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British Heart Foundation
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Caffeine

I am aged 79.

On 31 July my wife took me to Kingston Hospital with chest pains-I felt as if I had been kicked in the chest by a horse!

It was 4 pm and A & E was empty. Within minutes I was in the Resuscitation Unit and over the next 5 hours had blood pressure and temperature taken, oximeter reading, xray, ECG, saline drip, blood sample, beta blocker and blood thinner tablets, oxygen nasal cannula.

They were going to keep me in overnight to see a cardiologist in the morning but in the end I was discharged at 9 pm-when A & E was packed.

Since then I have had a Myocardial Perfusion Scan at the Royal Brompton Hospital and an Angiogram at Kingston and most recently an Echo Cardiogram there.

My prescriptions have been increased to include more blood-thinners, nitrates and satins.

I now await the outcome of a joint cardiology conference with a suggestion of a single heart bypass operation at St George's Tooting.

My understanding is that the doctors' concern is over my heart-beat rate which every few seconds jumps between 60/120 a minute. The angiogram showed the left anterior descending artery as very blocked, but I only have the written report and not the image which was on the wall of the operating theatre.

My heart beat rate has been described as irregular over a period of years but an echo cardiogram in 2016 was all clear (in fact it was the same technician I recognised this last time).

Personally I put the whole thing down to my caffeine addiction. I had reduced my consumption to 2 cups a week (not a day). But the hospitals were offering me coffee and saying that I should be ok on 3 or 4 cups a day.

The diuretic effect was such that I once wet myself in the street, which of course was very embarrassing, and I constantly had to work out toilet places whenever I went out.

I actually had to change my parish church as they would never let me use the toilet saying that there was a creche going on in the next room and they didn't think it appropriate.

At night I was having palpitations almost as rapid as vibrations, and blurred vision and breathlessness and even hallucinations that there were wild animals in the house. I felt I had a blot clot as I had to lie still for hours whilst the pressure and pain built up in my chest and then suddenly it was all gone and I could get up and carry on as usual.

At the time I put it down to going to bed soon after eating and leaving the tv on. But it all came to a head with the pain on 31 July and I have not had caffeine since then-not even green tea.

I miss the buzz of course but the bad effects have gone.

I seem to be ok with hot chocolate, though I believe that may have caffeine too and it is on offer at hospitals.

The doctors have mentioned cardioversion but not stents-they seem to diagnose and recommend on test results and not what you tell them.

People I have spoken to all seem to have had heart problems worse than mine-the same medication and pacemakers and valve operations and even one quadruple bypass-and he still smokes!

So in short I would much appreciate a response on the known connection between caffeine and heart problems-would it be ok to try coffee again now I have the benefit of medication? I miss filter coffee with Coffeemate and honey in my study at home and Eros expresso when I go up to Town.

29 Replies
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You could perhaps try decaf? I'm somewhat shocked to hear that the hospital said that 3-4 cups of coffee to be "ok" to someone who thought that coffee triggered cardiac events.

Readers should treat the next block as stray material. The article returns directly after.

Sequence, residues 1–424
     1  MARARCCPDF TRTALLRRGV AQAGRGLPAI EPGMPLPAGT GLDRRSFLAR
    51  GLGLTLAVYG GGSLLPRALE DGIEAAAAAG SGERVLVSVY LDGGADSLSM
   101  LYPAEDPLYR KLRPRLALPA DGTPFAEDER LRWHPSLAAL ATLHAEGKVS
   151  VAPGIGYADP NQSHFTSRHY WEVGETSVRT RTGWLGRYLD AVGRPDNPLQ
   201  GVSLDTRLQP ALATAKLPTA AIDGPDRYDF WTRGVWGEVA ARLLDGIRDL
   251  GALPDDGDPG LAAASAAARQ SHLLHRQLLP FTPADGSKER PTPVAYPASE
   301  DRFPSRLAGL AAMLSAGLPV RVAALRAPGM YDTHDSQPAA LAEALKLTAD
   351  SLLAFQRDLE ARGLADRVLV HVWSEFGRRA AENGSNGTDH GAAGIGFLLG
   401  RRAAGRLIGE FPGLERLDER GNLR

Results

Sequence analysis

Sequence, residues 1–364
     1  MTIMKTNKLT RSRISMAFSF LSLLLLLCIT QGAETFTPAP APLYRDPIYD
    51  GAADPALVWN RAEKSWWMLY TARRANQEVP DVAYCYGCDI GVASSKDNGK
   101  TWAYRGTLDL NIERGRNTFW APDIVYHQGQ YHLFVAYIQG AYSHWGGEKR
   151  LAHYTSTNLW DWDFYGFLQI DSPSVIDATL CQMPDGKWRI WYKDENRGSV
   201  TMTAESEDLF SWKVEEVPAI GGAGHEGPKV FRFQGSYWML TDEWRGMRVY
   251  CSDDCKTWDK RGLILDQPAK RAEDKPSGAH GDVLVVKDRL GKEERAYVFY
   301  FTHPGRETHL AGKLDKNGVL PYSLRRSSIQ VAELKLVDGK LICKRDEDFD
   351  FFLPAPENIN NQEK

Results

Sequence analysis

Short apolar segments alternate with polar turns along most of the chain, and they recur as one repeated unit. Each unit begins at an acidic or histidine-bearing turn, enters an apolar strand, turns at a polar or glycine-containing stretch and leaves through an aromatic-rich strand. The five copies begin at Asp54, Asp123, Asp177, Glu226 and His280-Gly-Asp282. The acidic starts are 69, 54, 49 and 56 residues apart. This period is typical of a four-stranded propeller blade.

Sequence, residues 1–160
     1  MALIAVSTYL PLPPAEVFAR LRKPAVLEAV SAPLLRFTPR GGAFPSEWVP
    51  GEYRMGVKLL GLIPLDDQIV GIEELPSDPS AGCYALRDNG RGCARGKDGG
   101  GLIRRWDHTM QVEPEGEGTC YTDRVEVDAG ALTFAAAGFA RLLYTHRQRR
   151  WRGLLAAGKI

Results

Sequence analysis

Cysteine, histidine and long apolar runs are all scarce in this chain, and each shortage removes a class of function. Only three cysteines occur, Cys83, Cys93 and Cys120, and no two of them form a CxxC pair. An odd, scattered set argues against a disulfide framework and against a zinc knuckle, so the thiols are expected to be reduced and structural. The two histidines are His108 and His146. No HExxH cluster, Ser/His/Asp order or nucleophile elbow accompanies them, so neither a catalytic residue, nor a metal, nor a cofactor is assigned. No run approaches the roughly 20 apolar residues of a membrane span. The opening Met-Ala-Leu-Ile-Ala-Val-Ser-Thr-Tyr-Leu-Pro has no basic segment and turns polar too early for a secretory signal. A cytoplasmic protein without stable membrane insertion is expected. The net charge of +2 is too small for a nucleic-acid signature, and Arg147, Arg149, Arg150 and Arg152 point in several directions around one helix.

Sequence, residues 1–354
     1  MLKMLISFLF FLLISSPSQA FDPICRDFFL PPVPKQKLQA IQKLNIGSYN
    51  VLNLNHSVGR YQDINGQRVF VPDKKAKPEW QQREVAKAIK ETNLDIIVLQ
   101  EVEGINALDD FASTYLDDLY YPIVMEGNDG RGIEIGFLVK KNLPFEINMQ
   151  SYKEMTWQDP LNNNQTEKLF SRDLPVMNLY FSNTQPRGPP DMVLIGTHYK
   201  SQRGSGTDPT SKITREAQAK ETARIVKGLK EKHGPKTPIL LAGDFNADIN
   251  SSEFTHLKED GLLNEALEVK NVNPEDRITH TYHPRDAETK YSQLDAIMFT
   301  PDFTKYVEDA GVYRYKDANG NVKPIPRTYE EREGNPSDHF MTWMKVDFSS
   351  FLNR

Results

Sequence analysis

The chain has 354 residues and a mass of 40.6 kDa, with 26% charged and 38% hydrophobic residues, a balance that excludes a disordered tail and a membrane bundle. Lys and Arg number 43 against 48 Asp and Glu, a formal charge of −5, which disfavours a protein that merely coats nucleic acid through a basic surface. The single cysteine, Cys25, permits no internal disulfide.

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Many thanks for your kindness in taking the trouble to respond

Unfortunately decaf does not work for me but as I say I do get some consolation from hot chocolate -but it has to be Wispa

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You say that Decaf 'doesn't work' for you well it obviously does.............it's killing you.

Before I was discharged from hospital with an ICD the doctors words were 'if you must drink coffee then it has to be decaff'. I drink about 5 or 6 cups a day and never have a problem, but I once had a normal coffee by mistake and thought that I was having a Heart Attack.

I suggest that you change your lifestyle or stay as you are and suffer, it's an easy choice!!!!

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Yes Thank you for responding

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I have SVT (Supraventricular Tachycardia) and caffeine is a definite no for me unless I’m actively trying to end up in resus. It might not be the first cup that got me, it might not be the second, but if I drank caffeine regularly I can guarantee that I’d end up in at some point feeling like I was dying and needing my heart stopped to reset the rhythm. Each to their own, and everyone’s different, but when I had my first episode in 2009, the admitting cardiologist told me then that my very high levels of caffeine consumption was most likely the cause, and even taking daily medication doesn’t compensate if I decide to drink the stuff - I eventually went completely caffeine free about 4 years ago and felt better for it from a cardiac standpoint. I also binned ginger, dark chocolate and some otc cough mixtures and cold remedies, as they also trigger episodes for me. It’s just not worth it; the episodes feel horrible, the treatment feels just about the same, and the 6 to 8 weeks of utter exhaustion and increased palpitations afterwards? Simply just not worth it, not for me.

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Many thanks to you too It's interesting to see that others get episodes with palpitations from caffeine and feel they are dying

My experiences developed gradually and I am still not clear whether they actually created the restriction in the artery

Alcohol is not a problem but I have very little-no more than the recommended limit of 2 units a day

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I was told not to have coffee and limit my tea drinking to 2 to 3 cups a day. I was also told by my doctors that decaf is even worse as the substitute things they put in are bad for your heart. Since doing as the Drs said...as well as having my CRT device ... I do not get palpitations.. . The jitters.... and feel much calmer... sleep better and feeling so much better. I also eat honey ( bought from a bee keeper) as this is known to protect the heart.

You seem angry that you have to change your lifestyle ... and you comment on others who you know who have worse heart problem and can carry on as a Normal ... including the man who still smokes!